At a December 7, 2010 auction of "Important Furniture, Silver and Ceramics" at Sotheby's London, the buzz was about a George III commode, which fetched 3,793,250 pounds - close to $6 million. Was this mighty sum due to the excellent condition (lack of warping) of the piece? Or its precious composition - gilt-lacquered rose- and tulipwood, covered with intricate, floral-themed marquetry? Or its provenance - the piece had belonged to the 10th Earl of Harrington, having been in his family for generations?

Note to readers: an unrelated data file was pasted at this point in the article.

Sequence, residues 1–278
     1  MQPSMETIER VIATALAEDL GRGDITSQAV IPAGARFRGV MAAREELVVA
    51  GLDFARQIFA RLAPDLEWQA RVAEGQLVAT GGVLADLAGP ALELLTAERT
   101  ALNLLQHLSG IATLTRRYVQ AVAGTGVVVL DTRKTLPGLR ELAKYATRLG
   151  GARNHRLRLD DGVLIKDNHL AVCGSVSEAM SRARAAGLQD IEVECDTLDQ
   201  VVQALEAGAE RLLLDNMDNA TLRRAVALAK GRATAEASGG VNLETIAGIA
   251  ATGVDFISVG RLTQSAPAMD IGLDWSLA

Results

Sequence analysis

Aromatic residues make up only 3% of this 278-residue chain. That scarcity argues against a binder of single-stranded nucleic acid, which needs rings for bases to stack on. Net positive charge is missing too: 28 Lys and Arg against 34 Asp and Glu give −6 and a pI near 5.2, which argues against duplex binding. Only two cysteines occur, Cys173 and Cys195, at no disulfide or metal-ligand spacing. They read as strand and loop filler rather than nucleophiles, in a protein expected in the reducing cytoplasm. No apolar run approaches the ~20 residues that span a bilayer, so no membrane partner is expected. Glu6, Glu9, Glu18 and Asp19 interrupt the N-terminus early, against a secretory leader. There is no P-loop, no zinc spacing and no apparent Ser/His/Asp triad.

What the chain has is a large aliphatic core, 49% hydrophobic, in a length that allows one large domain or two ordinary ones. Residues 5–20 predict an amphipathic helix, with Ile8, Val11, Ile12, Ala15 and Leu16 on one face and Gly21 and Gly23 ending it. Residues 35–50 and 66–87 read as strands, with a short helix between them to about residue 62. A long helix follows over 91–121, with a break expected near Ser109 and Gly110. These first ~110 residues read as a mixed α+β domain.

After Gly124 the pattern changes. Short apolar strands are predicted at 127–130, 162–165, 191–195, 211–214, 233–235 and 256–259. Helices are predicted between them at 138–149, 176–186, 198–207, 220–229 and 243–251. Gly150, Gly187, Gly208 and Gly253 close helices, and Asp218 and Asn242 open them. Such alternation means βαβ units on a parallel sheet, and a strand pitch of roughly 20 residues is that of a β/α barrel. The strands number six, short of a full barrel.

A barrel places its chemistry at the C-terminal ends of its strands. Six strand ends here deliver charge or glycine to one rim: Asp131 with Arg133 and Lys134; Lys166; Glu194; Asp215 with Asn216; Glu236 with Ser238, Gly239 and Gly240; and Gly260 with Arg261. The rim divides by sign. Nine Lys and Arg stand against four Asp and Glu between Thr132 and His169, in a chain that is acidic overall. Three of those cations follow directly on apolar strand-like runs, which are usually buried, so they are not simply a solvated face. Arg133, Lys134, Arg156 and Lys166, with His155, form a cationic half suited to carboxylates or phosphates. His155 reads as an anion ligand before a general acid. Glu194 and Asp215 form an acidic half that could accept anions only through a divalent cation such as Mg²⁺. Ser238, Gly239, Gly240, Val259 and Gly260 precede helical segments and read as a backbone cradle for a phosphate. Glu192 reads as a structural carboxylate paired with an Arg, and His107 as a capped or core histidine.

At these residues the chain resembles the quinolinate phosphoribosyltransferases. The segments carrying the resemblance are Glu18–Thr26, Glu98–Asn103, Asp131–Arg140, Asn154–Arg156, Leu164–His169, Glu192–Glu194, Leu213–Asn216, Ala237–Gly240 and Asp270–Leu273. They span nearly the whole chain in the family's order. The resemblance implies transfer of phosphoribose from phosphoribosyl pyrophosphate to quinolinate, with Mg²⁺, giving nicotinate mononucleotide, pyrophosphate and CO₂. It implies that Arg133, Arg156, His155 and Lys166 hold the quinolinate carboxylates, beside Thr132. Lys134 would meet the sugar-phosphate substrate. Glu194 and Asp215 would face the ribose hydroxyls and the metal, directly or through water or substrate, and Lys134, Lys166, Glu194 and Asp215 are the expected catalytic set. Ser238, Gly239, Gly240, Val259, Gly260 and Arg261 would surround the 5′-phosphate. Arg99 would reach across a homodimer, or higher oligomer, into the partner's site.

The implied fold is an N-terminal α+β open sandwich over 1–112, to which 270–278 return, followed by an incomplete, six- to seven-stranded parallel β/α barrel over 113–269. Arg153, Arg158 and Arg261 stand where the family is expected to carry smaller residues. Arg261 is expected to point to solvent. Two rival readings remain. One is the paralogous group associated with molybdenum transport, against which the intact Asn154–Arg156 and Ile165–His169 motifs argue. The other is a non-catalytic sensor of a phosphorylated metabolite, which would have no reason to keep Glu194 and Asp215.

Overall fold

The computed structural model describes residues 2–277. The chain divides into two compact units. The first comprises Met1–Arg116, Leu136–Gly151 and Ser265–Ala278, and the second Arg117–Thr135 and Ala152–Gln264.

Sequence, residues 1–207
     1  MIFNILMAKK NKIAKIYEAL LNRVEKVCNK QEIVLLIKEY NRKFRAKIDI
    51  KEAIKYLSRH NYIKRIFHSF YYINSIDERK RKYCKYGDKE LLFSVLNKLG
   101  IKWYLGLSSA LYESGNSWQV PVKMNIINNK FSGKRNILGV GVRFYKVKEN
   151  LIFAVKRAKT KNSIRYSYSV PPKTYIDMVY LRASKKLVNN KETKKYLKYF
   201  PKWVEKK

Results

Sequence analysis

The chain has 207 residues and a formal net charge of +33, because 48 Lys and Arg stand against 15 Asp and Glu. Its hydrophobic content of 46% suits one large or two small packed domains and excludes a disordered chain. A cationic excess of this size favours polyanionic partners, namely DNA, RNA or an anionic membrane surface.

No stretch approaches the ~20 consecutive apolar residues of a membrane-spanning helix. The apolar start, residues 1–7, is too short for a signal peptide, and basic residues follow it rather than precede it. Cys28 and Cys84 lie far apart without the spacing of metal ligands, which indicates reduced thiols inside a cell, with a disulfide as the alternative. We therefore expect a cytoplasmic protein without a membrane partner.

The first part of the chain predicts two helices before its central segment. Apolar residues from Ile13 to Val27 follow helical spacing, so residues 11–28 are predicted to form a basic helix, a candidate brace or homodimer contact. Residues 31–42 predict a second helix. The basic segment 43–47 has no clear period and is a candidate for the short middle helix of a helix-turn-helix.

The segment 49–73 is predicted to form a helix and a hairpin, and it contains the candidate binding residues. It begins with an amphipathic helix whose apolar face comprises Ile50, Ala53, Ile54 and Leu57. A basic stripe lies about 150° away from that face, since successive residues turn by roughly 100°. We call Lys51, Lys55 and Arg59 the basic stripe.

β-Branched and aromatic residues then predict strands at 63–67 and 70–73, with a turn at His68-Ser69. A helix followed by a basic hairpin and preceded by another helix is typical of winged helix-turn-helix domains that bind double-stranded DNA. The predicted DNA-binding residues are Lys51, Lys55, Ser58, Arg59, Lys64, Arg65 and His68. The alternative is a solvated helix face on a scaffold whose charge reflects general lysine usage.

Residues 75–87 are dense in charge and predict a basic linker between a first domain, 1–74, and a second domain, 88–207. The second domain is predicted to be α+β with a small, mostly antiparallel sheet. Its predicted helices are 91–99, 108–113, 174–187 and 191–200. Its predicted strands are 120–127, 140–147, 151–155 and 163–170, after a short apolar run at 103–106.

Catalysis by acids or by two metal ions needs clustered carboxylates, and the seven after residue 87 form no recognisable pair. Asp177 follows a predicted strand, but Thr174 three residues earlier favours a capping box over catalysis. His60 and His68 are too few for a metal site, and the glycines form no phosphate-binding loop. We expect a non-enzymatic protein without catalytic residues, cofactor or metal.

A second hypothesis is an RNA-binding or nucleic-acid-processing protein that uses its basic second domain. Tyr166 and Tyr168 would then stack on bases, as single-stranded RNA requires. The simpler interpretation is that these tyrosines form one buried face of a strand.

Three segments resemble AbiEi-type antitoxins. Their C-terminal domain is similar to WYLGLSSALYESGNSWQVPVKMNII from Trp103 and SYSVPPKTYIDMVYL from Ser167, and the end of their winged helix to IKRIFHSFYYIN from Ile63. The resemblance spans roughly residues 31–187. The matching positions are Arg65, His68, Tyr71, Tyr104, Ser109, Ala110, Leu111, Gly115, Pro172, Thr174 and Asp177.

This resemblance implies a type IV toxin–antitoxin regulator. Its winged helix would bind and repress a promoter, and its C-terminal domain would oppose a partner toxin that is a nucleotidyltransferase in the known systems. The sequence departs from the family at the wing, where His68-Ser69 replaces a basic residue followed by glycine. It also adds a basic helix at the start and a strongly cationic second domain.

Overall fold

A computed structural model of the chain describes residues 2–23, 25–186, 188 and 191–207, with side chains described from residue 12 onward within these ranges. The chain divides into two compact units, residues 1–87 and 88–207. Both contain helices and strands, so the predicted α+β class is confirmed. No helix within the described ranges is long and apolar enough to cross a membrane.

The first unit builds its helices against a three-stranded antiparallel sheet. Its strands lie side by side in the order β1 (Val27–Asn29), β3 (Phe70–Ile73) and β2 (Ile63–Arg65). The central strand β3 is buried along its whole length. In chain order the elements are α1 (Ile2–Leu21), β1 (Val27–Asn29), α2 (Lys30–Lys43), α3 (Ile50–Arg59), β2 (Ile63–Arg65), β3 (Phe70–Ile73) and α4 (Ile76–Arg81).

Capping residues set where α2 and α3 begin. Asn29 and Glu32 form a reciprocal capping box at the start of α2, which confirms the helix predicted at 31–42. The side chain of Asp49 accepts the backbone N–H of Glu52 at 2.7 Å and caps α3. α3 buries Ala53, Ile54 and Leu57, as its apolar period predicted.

All these things no doubt helped, but the big reason for the big price: the "Harrington Commode" was almost certainly made by Thomas Chippendale, and a prime example of his late, Neo-Classical style.
Never forget: in antiques, name does matter.